Ezkeil Gebremedhin: “It is really going to be life-threatening if this continues as it is now, because we have nothing to eat. We are in the hands of the government now.”
New research shows climate change is accelerating drought conditions in the Horn of Africa.
The African Union has abandoned its plans to send peacekeeping forces to Burundi amid ongoing violence sparked by Burundi President Pierre Nkurunziza’s decision last year to seek a third term. More than 400 people have been killed and nearly a quarter of a million have fled abroad since April. The violence is the worst Burundi has seen since the end of its 12-year civil war, which ended in 2005.
In news from Europe, Europol says at least 10,000 child refugees have disappeared after arriving on European soil, sparking concern that many have fallen victim to human and sex trafficking. Europol says thousands of children have registered with European authorities yet are now are unaccounted for. The agency estimates some may be with family members but that others have fallen into hands of a pan-European “criminal infrastructure.”
Meanwhile, in Sweden, a group of suspects have been arrested after more than 100 men, some wearing masks and carrying wooden sticks, descended on central Stockholm Friday night with the intention of beating up refugee children. A flier distributed before the planned attack threatened to give refugee children the “punishment they deserve.” Police say they arrested some of the men before the attack could occur. It appears the planned attack may have been in reaction to the recent death of Swedish asylum worker Alexandra Mezher, who was killed last week at a center for unaccompanied minors.
In Austin, Texas, transgender woman Monica Loera has been murdered. Police say a man arrived at Loera’s house on Friday night saying he’d forgotten his jacket. He pounded on the door until Loera opened it, at which point the man shot her. Police have arrested the man in connection with the shooting. But the police reports and the subsequent local media reports misgendered Loera for days, referring to her as male and calling her by her previous name, David. Last year, more than 20 transgender women were murdered in the U.S., more than any other year on record.
In news from Michigan, the Board of State Canvassers has rejected a petition to recall Michigan Governor Rick Snyder over his handling of Flint’s lead-poisoned water. The crisis began after a Snyder-appointed, unelected emergency manager switched the source of Flint’s drinking water to the corrosive Flint River. Flint resident Quincy Murphy had filed the petition to begin a recall effort against Snyder for “failing to protect the health and safety” of Flint residents. Flint residents have been calling for Snyder’s resignation and arrest over the ongoing water contamination crisis.
In New York City, dozens of store workers from the flagship B&H Photo Video store in Manhattan held a protest and a rally Sunday to demand better working conditions and the right to unionize. This comes after more than 200 B&H warehouse workers launched a public unionization campaign last year, with leadership training from the Laundry Workers Center. The warehouse workers successfully voted to unionize with the United Steelworkers last fall and are about to begin contract negotiations.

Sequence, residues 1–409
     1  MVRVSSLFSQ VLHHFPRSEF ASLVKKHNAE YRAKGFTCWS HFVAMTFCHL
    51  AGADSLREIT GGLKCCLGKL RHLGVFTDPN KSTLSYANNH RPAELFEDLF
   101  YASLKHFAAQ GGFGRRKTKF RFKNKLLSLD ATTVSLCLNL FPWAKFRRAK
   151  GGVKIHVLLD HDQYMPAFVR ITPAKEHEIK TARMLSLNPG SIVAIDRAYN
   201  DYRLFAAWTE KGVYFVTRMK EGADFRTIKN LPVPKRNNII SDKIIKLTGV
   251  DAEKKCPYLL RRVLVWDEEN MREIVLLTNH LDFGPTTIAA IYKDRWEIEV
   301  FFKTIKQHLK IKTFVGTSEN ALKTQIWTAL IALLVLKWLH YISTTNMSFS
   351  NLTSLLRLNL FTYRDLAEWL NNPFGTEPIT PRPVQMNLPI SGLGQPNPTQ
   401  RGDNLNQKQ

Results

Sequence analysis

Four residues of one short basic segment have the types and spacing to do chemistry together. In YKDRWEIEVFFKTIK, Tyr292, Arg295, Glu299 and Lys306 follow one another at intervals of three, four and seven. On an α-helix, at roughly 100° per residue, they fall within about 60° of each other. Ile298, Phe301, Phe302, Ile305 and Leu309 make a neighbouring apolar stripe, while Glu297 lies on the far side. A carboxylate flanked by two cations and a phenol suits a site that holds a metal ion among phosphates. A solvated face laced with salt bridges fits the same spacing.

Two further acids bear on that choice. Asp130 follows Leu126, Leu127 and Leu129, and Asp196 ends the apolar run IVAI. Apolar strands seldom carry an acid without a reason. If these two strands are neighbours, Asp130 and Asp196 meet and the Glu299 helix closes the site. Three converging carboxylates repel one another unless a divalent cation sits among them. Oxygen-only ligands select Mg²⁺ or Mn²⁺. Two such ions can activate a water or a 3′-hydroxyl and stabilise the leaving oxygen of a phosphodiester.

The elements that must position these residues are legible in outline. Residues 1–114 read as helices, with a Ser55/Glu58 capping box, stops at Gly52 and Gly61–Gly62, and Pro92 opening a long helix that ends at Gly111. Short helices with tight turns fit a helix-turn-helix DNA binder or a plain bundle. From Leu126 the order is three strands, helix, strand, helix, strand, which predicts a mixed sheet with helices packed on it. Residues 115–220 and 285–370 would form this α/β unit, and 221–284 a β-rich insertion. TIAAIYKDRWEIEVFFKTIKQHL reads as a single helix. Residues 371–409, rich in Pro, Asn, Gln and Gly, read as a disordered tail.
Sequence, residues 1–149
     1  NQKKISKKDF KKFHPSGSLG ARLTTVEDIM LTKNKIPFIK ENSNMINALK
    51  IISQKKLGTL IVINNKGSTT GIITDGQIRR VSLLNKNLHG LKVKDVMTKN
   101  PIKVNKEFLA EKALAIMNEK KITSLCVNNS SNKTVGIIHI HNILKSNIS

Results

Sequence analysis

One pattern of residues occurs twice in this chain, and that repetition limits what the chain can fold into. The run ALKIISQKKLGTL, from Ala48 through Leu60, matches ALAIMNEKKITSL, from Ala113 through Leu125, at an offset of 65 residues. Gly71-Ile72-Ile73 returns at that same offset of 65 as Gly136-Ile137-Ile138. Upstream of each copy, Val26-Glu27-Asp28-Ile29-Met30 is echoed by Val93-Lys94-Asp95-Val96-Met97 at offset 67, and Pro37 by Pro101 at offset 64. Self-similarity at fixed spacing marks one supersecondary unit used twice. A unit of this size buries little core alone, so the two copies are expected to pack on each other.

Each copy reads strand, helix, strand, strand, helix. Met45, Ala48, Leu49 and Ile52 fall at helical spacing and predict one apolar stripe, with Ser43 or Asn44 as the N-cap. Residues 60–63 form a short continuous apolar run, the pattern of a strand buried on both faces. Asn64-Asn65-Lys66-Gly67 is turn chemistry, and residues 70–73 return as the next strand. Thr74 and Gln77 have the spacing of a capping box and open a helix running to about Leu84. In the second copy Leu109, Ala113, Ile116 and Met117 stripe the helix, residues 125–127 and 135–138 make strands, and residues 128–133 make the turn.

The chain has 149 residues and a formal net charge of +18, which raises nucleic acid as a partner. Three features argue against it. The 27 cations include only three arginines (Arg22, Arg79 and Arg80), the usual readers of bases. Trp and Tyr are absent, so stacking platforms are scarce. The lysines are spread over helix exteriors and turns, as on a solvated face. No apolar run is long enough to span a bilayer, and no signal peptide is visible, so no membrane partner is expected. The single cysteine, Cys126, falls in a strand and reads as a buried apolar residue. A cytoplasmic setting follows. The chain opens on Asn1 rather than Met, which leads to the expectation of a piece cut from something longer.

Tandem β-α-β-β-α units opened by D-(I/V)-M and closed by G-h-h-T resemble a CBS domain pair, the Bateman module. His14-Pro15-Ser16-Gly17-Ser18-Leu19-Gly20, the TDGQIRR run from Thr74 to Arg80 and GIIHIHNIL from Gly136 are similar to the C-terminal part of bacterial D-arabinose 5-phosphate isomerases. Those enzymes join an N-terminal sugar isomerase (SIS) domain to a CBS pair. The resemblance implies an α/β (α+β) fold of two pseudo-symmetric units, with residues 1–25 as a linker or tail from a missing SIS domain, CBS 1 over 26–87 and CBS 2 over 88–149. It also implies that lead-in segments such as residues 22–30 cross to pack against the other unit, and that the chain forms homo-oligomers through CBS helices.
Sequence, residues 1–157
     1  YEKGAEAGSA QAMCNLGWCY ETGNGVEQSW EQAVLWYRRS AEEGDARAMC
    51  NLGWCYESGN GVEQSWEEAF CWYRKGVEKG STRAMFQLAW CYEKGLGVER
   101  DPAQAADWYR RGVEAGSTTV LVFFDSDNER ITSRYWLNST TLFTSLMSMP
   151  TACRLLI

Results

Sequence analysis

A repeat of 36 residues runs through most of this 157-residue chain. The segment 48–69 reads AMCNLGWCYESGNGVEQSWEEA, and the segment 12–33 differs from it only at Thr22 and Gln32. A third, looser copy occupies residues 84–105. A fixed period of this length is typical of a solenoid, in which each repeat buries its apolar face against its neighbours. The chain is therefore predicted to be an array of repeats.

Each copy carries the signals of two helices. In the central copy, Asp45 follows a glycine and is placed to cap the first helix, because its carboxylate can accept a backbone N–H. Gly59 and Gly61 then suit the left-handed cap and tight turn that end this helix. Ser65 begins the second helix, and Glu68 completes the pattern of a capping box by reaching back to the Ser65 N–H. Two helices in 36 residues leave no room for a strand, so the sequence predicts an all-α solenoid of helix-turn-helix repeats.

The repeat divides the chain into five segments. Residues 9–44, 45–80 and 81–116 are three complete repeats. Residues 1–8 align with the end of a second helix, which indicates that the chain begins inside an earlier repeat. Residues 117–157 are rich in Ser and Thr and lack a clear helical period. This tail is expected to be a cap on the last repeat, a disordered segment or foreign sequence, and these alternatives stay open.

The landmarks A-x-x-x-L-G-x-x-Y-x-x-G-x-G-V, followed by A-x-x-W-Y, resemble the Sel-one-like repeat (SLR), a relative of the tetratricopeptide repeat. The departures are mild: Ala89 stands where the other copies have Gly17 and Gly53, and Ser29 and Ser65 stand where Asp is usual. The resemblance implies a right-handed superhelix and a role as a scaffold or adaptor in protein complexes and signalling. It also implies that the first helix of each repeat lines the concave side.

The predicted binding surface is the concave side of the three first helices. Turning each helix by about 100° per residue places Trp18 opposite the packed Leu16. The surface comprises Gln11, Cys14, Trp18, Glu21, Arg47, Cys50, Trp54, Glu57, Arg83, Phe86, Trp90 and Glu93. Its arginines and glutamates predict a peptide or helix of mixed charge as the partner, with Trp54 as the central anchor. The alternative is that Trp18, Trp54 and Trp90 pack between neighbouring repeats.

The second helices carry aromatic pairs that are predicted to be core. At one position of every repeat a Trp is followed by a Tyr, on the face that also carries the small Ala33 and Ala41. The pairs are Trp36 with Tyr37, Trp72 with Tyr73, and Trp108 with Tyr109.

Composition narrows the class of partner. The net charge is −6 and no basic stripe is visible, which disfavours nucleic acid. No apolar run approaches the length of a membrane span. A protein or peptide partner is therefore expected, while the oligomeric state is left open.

And in news from Park City, Utah, Nate Parker’s “The Birth of a Nation” won top prizes at the 2016 Sundance Film Festival. Parker produced, directed and starred in the feature film about the 1831 slave rebellion in Southampton County, Virginia, organized by enslaved man and preacher Nat Turner. On Saturday night, Parker accepted both the grand jury prize for a narrative film and the audience award for drama.
Nate Parker: “This means so much to me, because a film like this, being a film that some would call an issue film, it succeeds when it touches people, when it affects people. And I’ve seen firsthand that people are open to the idea of change, and the fact that it’s happening through this film means everything to me. So I just want to thank you all so much. Thank you, Sundance, for creating a platform for us to grow, in spite of what the rest of Hollywood is doing sometimes. So thank you for being the leader in what you do.”
In the documentary category, Roger Ross Williams won best director for “Life, Animated,” the story of autistic man Owen Suskind. Williams, who is also the first African-American director to win an Academy Award, spoke out about the #OscarsSoWhite controversy in his acceptance speech.
Roger Ross Williams: “In the age of #OscarsSoWhite and a lack of diversity in Hollywood, I want to thank the Institute for supporting artists like me, who never get—who never have a voice. Owen Suskind is an amazing, an amazing individual, because what he taught me is that people living with autism have so much to offer the world, and if we leave them behind, we’re losing out as a society. And I really wanted to tell this story from his point of view. So thank you so much.”
And the documentary “Trapped” won the Special Jury Award for Social Impact Filmmaking. The film addresses so-called TRAP laws, which stands for Targeted Regulation of Abortion Providers, and their impact on abortion providers in the South. During her acceptance speech, director Dawn Porter spoke about the challenges abortion providers face.
Dawn Porter: “This film is really for all the people who are risking their lives and their health and safety and keeping clinics open, and all the abortion providers and people. We see you. We hear you. Your story is important. And this will go so much—so far to tell that story. So thank you so much.”
To see our full interviews with directors Dawn Porter and Roger Ross Williams during the Sundance Film Festival, go to our website democracynow.org. Another one of the films that won top prize was “Jim,” about the slain journalist James Foley. To see our interview with James Foley’s family, go to our website, democracynow.org.